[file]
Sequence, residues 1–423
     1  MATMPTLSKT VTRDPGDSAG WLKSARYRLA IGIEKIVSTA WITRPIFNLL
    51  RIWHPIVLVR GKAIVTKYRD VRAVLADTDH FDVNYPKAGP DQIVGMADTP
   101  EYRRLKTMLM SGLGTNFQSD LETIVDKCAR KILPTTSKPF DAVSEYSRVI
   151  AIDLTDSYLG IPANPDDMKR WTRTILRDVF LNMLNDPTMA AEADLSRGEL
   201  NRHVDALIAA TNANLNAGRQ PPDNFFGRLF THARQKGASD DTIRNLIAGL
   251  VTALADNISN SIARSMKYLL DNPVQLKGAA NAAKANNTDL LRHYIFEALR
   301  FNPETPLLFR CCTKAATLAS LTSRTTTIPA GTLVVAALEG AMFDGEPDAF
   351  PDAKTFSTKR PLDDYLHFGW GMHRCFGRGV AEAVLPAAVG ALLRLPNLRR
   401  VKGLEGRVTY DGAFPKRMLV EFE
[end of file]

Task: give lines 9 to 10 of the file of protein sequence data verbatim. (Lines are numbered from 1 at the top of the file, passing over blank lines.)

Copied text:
   351  PDAKTFSTKR PLDDYLHFGW GMHRCFGRGV AEAVLPAAVG ALLRLPNLRR
   401  VKGLEGRVTY DGAFPKRMLV EFE